I’m reading “The History of Bees” by Maja Lunde, a fictional account of the breeding and use of honeybees at three different times — past, present, and future. As usual, sci-fi/fantasy does its job of reminding the readers about issues that need to be considered now, not later.
This article takes the scientific approach to the likelihood that honeybees will survive the climate crisis.
Bumblebees’ decline points to mass extinction – study
Populations disappearing in areas where temperatures are getting hotter, scientists say
Thu 6 Feb 2020 14.00 EST
Bumblebees are in drastic decline across Europe and North America owing to hotter and more frequent extremes in temperatures, scientists say.
A study suggests the likelihood of a bumblebee population surviving in any given place has declined by 30% in the course of a single human generation. The researchers say the rates of decline appear to be “consistent with a mass extinction”.
Peter Soroye, a PhD student at the University of Ottawa and the study’s lead author, said: “We found that populations were disappearing in areas where the temperatures had gotten hotter. If declines continue at this pace, many of these species could vanish forever within a few decades.”
The team used data collected over a 115-year period on 66 bumblebee species across North America and Europe to develop a model simulating “climate chaos” scenarios. They were able to see how bumblebee populations had changed over the years by comparing where the insects were now to where they used to be.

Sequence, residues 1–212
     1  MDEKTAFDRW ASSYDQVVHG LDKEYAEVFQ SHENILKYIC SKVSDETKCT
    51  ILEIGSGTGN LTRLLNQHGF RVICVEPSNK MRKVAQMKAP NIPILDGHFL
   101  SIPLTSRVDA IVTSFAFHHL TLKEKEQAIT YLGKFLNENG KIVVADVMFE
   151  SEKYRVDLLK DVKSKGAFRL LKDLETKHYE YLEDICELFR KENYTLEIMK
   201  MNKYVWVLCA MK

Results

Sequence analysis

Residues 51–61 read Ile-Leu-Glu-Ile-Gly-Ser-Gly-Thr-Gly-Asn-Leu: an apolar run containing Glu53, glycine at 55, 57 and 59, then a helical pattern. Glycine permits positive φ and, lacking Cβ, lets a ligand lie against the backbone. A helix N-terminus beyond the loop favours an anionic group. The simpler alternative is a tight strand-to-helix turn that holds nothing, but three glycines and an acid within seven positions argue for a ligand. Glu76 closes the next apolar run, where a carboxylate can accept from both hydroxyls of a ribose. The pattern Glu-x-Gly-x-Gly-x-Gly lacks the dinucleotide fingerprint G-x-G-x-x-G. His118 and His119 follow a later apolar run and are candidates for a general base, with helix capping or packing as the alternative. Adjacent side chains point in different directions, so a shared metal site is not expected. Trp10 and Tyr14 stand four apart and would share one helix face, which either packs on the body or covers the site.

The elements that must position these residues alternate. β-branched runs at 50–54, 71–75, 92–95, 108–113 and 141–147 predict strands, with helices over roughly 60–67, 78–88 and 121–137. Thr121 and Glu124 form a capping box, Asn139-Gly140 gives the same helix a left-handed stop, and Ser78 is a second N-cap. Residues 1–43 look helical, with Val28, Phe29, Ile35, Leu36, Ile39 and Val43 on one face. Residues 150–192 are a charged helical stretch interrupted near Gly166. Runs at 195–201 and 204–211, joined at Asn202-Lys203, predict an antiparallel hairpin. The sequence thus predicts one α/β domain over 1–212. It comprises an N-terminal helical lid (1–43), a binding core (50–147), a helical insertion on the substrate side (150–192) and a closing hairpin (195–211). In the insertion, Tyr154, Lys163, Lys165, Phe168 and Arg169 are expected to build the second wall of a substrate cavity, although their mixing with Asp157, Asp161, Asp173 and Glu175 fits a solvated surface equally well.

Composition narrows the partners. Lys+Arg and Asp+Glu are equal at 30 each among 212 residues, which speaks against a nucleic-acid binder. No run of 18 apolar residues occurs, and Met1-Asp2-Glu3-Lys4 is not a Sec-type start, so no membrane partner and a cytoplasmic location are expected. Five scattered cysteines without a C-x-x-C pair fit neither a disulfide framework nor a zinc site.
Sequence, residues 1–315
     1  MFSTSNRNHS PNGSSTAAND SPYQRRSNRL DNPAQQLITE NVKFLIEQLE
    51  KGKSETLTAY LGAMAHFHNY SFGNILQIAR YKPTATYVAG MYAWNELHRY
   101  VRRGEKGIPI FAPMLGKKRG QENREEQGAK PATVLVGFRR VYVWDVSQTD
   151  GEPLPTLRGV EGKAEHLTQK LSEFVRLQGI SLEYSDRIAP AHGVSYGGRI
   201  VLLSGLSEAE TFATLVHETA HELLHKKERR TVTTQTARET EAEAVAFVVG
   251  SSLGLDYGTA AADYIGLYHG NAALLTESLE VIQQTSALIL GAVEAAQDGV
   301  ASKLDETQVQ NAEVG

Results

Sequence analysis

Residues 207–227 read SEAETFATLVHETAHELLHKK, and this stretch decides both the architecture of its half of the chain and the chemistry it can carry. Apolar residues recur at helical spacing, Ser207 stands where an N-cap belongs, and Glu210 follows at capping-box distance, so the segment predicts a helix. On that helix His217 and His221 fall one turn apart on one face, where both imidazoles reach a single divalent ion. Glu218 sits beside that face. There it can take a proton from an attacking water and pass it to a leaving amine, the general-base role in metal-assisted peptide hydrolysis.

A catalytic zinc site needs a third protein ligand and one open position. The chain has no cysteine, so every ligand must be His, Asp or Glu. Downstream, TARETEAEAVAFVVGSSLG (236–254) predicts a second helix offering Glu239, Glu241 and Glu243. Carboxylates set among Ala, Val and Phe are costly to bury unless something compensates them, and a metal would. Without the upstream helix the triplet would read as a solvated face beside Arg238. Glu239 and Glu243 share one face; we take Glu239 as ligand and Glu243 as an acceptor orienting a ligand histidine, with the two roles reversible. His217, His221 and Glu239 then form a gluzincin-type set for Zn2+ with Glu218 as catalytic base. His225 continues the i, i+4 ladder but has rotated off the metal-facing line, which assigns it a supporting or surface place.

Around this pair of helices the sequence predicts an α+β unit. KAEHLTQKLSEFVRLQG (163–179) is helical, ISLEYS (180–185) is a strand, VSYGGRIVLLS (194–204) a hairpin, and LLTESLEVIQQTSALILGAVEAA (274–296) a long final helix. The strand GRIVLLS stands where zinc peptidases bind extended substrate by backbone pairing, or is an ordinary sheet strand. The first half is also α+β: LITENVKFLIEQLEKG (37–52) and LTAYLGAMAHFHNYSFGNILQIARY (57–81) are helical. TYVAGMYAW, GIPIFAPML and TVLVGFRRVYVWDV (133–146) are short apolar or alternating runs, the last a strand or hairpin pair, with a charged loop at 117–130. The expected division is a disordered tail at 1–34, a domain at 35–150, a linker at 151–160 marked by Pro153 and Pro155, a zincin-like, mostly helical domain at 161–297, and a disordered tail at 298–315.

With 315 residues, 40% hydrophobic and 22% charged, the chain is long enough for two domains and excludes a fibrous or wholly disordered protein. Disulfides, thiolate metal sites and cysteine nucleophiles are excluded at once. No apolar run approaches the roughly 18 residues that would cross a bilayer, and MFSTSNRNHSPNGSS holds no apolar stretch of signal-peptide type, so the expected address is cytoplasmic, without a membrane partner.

Dr Tim Newbold, of University College London’s Centre for Biodiversity & Environment Research, said: “We were surprised by how much climate change has already caused bumblebee declines. Our findings suggest that much larger declines are likely if climate change accelerates in the coming years, showing that we need substantial efforts to reduce climate change if we are to preserve bumblebee diversity.”
Bumblebees play a key role in pollinating crops such as tomatoes, squash and berries. The researchers say their methods could be used to predict extinction risk and identify areas where conservation actions are needed.
Prof Jeremy Kerr, of the University of Ottawa and the study’s senior author, said: “This work also holds out hope by implying ways that we might take the sting out of climate change for these and other organisms by maintaining habitats that offer shelter, like trees, shrubs or slopes, that could let bumblebees get out of the heat.
“Ultimately, we must address climate change itself and every action we take to reduce emissions will help.”
The research is published in the journal Science.